2 Political Parties Republicans appealed to the industrialists, bankers, and eastern farmers. 1800s Republicans favored the gold standard, high tariffs, and enforcement of blue laws, regulations that prohibited certain activities people considered immoral. The Democratic party attracted the less privileged groups such as northern urban immigrants, laborers, southern planters, and western farmers.
Reforming the Spoils System President James A. Garfield Before the 1880 presidential election the Republican party was split into factions. The Stalwarts defended the spoils system. The Half-Breeds hoped to reform the system. The Independents opposed the spoils system. On July 2, 1881 President Garfield was assassinated by a Stalwart Garfield wanted to reform the system. His running-mate was Chester Arthur, a Stalwart. Charles Guiteau wanted Arthur as president.
Civil Service Reforms After the assassination, President Arthur was able to get congressional support for the civil service act Pendleton Civil Service Act. Created a commission which declared employees must be fit for govt. work
Chapter 15 SECTION 2 People on the Move WHAT WERE THE EXPERIENCES OF IMMIGRANTS IN THE LATE 1800S AND EARLY 1900S?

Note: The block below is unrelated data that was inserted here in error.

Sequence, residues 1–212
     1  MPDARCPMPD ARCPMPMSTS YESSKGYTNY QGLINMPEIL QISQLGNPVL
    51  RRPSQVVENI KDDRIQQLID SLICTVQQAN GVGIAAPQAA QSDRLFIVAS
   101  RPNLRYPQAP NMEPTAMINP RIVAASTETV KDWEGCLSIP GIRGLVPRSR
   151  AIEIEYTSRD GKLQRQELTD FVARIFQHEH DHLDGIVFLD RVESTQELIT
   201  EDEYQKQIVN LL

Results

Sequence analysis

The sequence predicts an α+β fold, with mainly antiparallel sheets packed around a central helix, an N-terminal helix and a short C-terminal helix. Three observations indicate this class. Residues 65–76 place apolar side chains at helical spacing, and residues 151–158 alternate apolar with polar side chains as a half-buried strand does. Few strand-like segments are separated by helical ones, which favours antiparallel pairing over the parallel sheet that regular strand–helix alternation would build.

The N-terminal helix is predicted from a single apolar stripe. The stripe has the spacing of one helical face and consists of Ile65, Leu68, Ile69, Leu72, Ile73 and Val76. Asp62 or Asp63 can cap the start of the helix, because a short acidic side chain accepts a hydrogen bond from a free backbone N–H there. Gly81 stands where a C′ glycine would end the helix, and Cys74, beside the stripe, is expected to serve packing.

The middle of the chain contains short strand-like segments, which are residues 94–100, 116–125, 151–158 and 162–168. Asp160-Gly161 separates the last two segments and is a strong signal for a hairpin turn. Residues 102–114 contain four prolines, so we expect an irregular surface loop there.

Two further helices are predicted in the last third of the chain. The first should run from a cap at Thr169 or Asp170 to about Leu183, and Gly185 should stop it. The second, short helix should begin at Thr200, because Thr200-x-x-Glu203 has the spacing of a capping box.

Reasons for Immigration Reasons for Immigrations Immigrants came to the United States fleeing crop failures, shortages of land and jobs, rising taxes, famine, and religious and political persecution. In the 1880s in Russia many Jewish people fled a wave of pogroms, or violent massacres of Jews. Steam-powered ships could cross the Atlantic Ocean in two or three weeks. Most immigrants traveled in steerage, a large open area beneath the ship’s deck. Between 1865 and 1890 about 10 million immigrants arrived. Most came from northwestern and central Europe. (Germany, Great Britain, & Ireland). 1890s immigrants came from other Southern/Eastern Europe: Italy, Greece, Russia More than 70 percent of all immigrants came through New York City which was called the “Golden Door.”
The Immigrant Experience In 1892, the federal government required all new immigrants to undergo a physical exam. Immigrants with contagious diseases, such as tuberculosis, faced quarantine, a time of isolation to prevent the spread of disease. Urban neighborhoods dominated by one ethnic or racial group of immigrants were called ghettos. Some ghettos formed because immigrants felt more comfortable living near people with the same language and traditions. Other ghettos formed from restrictive covenants, when homeowners agreed not to sell real estate to certain groups. Still other ghettos formed when ethnic groups isolated themselves because of threats of violence, mostly from whites.
Hester Street – Jewish Section
Immigrants from Asia Most Asian immigrants entered through the West Coast, usually to work on railroads Congress passed the Chinese Exclusion Act in 1882, which prohibited Chinese laborers entering country. This was passed due to pressure from unions and not repealed until In 1906, the San Francisco school board ruled that all Chinese, Japanese, and Korean students should attend separate schools. The Japanese government condemned the policy so Theodore Roosevelt made a compromise It was called the Gentlemen’s Agreement (Roosevelt) because it was not official. Called for San Francisco to end it’s segregation education policy and for Japan to limit immigrant passports